Evictions are unpleasant but sometimes necessary. For property owners in Seattle, it’s important to understand what situations allow for a legal eviction and how to go about performing an eviction properly. By following all eviction steps, you can protect yourself from legal difficulties and remove your tenant as quickly as possible.
Just-Cause Evictions in Seattle
In the state of Washington, there are no "just-cause" eviction laws for tenants, and this makes it far easier to evict a tenant because you don't require a specific reason for the eviction. However, in Seattle evictions require just-cause, serving as regional exception to eviction laws in Washington. In Seattle, you are required to file a civil lawsuit with King County Superior Court to move forward with an eviction. You also need to have a valid legal reason why you’re evicting your tenant. Among the reasons that are applicable are:
These are just some of the most common reasons that provide a legal basis for eviction, but there are 18 in total. The just-cause eviction policy of Seattle also applies to month-to-month leases but does not cover the tenant after the lease is finished.
Performing the Eviction Properly
Don't remove a tenant yourself in Seattle; it is illegal. You may not lock out a tenant, turn off the power or heat, or remove furniture. Once you secure a court order that indicates your eviction can move forward, you may request the help of a county sheriff if your tenant is not complying with the eviction order. If your tenant threatens you or has a violent history, be sure to have a sheriff present during the eviction process.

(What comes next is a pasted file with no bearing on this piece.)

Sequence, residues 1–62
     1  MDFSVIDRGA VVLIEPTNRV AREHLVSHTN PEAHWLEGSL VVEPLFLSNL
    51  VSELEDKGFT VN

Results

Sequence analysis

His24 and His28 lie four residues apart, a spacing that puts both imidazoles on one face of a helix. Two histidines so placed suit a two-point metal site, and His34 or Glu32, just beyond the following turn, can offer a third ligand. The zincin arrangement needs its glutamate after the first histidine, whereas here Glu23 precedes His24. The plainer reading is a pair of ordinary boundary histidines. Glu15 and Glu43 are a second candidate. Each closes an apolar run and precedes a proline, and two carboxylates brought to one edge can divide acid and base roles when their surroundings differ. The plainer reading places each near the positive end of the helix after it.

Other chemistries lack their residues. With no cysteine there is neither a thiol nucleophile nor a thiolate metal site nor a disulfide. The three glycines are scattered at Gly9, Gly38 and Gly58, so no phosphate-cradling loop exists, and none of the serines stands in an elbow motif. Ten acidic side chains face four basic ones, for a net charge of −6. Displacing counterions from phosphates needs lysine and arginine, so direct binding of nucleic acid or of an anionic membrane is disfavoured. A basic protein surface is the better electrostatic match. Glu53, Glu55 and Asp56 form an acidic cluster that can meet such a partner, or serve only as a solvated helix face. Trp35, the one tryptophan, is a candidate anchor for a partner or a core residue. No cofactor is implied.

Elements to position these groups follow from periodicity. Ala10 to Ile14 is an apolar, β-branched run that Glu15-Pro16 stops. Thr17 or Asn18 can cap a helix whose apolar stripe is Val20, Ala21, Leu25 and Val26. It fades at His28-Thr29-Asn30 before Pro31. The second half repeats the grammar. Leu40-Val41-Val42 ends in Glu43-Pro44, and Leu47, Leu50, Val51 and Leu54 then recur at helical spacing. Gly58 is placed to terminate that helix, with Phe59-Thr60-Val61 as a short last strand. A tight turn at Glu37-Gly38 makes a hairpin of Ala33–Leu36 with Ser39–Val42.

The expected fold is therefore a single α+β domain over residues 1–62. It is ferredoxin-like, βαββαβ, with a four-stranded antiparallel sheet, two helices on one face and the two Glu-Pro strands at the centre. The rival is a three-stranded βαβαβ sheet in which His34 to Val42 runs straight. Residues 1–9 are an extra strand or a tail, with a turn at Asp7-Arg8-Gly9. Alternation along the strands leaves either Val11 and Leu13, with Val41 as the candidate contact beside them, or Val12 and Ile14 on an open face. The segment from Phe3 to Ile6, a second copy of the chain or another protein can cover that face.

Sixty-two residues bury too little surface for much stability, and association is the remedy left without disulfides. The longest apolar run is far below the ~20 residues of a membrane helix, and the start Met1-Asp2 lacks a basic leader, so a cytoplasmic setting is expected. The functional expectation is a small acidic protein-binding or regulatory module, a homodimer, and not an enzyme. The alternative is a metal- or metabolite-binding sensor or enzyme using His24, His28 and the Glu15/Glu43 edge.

After you move forward with the eviction, it’s a good idea to document any potential damage to your property. Often, evictions lead tenants to take actions out of anger, and photographs and police reports help you bring any future damage claims to court.
Notice to End Tenancy
You are required under Seattle law to provide notice that you are seeking to evict your tenant. The amount of time you have to provide your tenant to vacate the property depends on the reason you are seeking eviction. For example, in cases where a tenant has frequently failed to pay rent, you are required to provide 20 days notice before you start your eviction. If you plan to sell the rental unit to a single family, then an eviction would require 60 days notice.
Thoroughly document any problems you are having with your tenants, such as whether they've failed to pay their rent or have damaged your property. If the tenants challenge their eviction, your evidence should help your case stand up in court, and the judge is likely to grant your court order for eviction.
Ultimately, if you are unsure whether you have a legal reason to evict your tenant, you should speak with a lawyer. However, in most cases, by following the proper protocol, you should be able to successfully evict your tenant.
Please note: These articles are for informational purposes and we advise you to consult an attorney for more specific information related to your situation.
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